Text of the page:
Characterization of magnetic nanoparticles as contrast agents and their application for quantitative magnetic susceptibility monitoring of the waterflooding of heavy oil in real time

  • Author / Creator
    Petrov, Petar A
  • Waterflooding is one enhanced oil recovery process used in heavy oil reservoirs such as at Cold Lake in North-Eastern Alberta. However, little has been published in terms of imaging heavy oil waterfloods, mainly due to the similar densities of water and heavy oil, which makes it difficult to track the process by methods such as computer tomography (CT) scanning. This thesis will first present the results of physical and magnetic characterization of four magnetic nanoparticle compositions for potential use as magnetic contrast agent tracers for tracking the waterflooding of a heavy oil saturated sandpack. The magnetic properties of the nanoparticles were examined at both room temperature and typical reservoir temperatures. The most favourable candidate nanoparticle composition subsequently underwent stability experiments in order to produce long term stable dispersed nanoparticle suspensions. The magnetic nano-fluid was then used in experiments to track the waterflooding of a heavy oil saturated sandpack in real time using magnetic susceptibility scanning. Attempts to track the process were also undertaken with CT scanning for comparison. The successful waterflood 2 experiment revealed the formation, growth and movement of a significant positive magnetic susceptibility peak. This peak formed at the injection end of the flow cell and migrated towards the production end as the waterflooding progressed. The peak was likely due to the higher concentration of nanoparticles collecting at the main water-heavy oil interface(s). This result was significant as it provided a means to quantitatively track the progression of the waterflood in real time. The increased accumulation of nanoparticles at the water-heavy oil interface(s) was further supported by the material collected in the production jars. While the CT attenuation profiles showed some correspondence with the magnetic results, they were not able to track the progression of the waterflood, most likely due to the low CT contrast between the nano-fluid and the heavy oil. Once the main water-heavy oil interface(s) had passed through the sandpack the magnetic profiles had a constant shape similar to the porosity profile (as determined by the CT derived porosity variation). The results suggested that the magnetic technique has potential for monitoring larger scale commercial waterflooding operations. The potential retention of magnetic nanoparticles after water-flushing was also examined. These results were then compared to a case study where naturally occurring hematite nanoparticles in a tight gas reservoir were shown to have a detrimental effect on the reservoir quality by reducing the permeability. The comparison showed that the concentrations of retained nanoparticles in a series of laboratory water flushing experiments were significantly less than the concentrations causing the detrimental effects in the tight gas reservoir case study. A further study was conducted on the magnetic properties of hematite nanoparticles. Although hematite nanoparticles were initially considered as possible magnetic contrast agent tracers for reservoir characterization, one sample exhibited an unexpected diamagnetic magnetic susceptibility signal during initial room temperature measurements. A search of the literature also revealed another apparent “diamagnetic” result in another sample of hematite nanoparticles. These results were unusual as hematite is expected to have canted antiferromagnetic behaviour at room temperature. This led to an investigation of whether the hematite nanoparticles were behaving diamagnetically themselves or if the observed magnetic signal was due to the diamagnetic matrix overwhelming a weak canted antiferromagnetic signal from the hematite nanoparticles. After comprehensively investigating three different sizes of hematite nanoparticles it was concluded that the nanoparticles were not diamagnetic but that the “diamagnetic” magnetic susceptibility signal resulted from the diamagnetic matrix (in which the nanoparticles were dilutely dispersed) overwhelming the weak hematite signal.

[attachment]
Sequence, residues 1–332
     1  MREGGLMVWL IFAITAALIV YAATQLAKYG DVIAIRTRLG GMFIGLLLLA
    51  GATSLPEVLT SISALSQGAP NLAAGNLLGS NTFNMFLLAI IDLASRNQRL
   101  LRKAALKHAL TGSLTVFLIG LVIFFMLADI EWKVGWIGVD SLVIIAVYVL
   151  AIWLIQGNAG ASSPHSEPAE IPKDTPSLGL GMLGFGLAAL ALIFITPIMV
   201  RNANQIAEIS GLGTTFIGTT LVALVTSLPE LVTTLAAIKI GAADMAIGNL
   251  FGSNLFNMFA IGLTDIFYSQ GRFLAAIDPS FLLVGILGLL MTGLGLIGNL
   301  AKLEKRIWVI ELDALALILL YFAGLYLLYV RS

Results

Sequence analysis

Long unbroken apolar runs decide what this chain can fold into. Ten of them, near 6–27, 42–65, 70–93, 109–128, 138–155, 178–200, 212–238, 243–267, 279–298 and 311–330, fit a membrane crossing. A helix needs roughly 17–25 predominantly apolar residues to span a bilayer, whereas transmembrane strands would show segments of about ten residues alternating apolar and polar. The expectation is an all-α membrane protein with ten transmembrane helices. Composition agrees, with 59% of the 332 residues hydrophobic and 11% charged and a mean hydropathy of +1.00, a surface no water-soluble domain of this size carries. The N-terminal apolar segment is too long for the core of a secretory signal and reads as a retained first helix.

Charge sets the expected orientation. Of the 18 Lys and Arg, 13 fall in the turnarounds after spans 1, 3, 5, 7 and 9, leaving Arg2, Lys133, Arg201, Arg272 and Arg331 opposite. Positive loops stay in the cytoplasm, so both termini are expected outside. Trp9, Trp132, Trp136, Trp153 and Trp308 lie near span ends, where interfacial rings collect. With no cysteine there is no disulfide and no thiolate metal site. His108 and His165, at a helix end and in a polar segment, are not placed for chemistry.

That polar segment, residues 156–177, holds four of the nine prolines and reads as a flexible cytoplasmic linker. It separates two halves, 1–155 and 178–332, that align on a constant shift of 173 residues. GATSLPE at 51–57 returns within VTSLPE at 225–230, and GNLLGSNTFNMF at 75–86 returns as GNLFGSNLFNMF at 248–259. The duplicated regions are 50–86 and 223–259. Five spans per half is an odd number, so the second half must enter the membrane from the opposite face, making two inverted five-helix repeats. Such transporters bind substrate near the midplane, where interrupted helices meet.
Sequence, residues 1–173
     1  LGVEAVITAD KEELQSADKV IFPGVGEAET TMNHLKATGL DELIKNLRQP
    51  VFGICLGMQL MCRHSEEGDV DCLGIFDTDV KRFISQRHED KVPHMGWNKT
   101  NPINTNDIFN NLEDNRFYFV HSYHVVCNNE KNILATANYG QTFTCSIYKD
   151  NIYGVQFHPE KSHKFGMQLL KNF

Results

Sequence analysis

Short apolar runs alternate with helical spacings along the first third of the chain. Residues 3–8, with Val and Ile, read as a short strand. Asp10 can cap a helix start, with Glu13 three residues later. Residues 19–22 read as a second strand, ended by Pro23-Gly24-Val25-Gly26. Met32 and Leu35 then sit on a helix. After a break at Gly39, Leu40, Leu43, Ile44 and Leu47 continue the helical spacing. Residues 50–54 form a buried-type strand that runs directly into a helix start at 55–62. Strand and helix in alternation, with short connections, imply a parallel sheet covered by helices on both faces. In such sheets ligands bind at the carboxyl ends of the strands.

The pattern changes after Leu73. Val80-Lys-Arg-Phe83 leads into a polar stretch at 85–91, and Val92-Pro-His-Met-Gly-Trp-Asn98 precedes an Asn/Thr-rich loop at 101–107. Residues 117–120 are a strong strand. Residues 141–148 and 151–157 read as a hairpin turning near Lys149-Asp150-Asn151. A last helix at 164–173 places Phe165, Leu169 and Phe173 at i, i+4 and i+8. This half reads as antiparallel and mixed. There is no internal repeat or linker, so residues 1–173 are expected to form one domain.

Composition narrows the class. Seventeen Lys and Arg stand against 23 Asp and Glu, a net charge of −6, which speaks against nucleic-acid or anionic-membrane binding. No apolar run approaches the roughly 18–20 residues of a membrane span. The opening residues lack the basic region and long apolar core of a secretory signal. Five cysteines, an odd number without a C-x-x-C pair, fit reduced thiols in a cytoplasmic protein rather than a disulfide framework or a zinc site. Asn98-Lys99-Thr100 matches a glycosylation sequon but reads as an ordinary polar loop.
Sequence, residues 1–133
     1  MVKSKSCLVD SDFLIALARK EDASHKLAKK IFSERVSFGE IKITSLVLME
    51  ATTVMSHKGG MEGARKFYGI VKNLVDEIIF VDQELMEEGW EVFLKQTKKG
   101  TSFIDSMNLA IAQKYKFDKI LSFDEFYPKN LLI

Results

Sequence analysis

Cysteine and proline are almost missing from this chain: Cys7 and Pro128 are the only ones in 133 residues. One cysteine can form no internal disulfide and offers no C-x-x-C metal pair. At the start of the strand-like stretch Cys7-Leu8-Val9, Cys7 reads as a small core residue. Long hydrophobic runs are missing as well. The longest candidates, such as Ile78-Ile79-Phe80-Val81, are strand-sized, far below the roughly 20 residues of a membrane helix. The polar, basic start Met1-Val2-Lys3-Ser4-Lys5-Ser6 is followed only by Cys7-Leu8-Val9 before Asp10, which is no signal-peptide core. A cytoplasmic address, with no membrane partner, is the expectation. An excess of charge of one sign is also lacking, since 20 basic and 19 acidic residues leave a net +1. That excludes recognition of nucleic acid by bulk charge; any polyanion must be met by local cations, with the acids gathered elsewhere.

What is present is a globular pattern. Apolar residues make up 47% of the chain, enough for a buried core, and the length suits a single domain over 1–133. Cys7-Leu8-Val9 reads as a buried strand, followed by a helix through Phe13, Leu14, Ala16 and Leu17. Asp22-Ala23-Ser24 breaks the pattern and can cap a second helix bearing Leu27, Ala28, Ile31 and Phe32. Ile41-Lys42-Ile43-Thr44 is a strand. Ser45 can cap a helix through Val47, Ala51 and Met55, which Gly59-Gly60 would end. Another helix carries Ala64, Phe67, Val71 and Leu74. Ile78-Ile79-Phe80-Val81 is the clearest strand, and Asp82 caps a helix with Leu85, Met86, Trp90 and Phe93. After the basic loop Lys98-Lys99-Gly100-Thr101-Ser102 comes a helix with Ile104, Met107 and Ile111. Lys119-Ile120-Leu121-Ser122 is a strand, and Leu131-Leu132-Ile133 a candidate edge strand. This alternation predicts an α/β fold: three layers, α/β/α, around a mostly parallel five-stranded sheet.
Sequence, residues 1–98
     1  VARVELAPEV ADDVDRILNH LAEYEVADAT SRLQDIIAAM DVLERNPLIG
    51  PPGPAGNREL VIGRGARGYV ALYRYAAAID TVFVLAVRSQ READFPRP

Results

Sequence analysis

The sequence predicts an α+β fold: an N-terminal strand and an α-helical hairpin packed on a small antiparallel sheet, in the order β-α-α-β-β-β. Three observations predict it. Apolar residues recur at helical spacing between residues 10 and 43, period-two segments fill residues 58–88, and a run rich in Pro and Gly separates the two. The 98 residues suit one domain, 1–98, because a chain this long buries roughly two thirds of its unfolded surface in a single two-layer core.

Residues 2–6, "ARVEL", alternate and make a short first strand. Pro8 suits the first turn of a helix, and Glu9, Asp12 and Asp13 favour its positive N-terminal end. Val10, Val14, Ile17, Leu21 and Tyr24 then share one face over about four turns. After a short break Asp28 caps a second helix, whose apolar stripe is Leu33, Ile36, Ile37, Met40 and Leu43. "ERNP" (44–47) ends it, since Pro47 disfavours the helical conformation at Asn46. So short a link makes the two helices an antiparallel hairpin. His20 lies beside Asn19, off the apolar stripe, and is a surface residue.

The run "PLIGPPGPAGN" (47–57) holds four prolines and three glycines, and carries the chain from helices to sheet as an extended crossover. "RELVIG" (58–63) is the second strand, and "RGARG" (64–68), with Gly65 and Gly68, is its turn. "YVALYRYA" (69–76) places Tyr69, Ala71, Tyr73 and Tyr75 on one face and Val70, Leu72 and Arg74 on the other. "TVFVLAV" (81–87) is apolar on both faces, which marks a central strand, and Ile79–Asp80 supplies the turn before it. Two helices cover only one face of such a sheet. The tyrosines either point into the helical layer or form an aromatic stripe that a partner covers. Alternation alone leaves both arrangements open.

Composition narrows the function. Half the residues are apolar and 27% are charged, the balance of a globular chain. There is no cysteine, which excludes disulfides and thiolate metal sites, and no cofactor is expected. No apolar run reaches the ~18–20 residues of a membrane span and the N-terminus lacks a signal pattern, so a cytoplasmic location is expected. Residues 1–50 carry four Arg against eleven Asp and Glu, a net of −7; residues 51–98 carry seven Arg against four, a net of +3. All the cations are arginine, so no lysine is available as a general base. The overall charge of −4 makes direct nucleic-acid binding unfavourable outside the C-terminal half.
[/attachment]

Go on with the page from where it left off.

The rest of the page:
• Subjects / Keywords
  • Graduation date
  • Type of Item
  • Degree
    Doctor of Philosophy
  • DOI
  • License
    This thesis is made available by the University of Alberta Libraries with permission of the copyright owner solely for non-commercial purposes. This thesis, or any portion thereof, may not otherwise be copied or reproduced without the written consent of the copyright owner, except to the extent permitted by Canadian copyright law.
  • Language
  • Institution
    University of Alberta
  • Degree level
  • Department
  • Specialization
    • Geophysics
  • Supervisor / co-supervisor and their department(s)
  • Examining committee members and their departments
    • Freeman, Mark (Physics)
    • Potter, David (Earth and Atmospheric Sciences, Physics)
    • Bryant, Steven (Chemical and Petroleum Engineering)
    • Sutherland, Bruce (Earth and Atmospheric Sciences, Physics)
    • Kuru, Ergun (Civil and Environmental Engineering)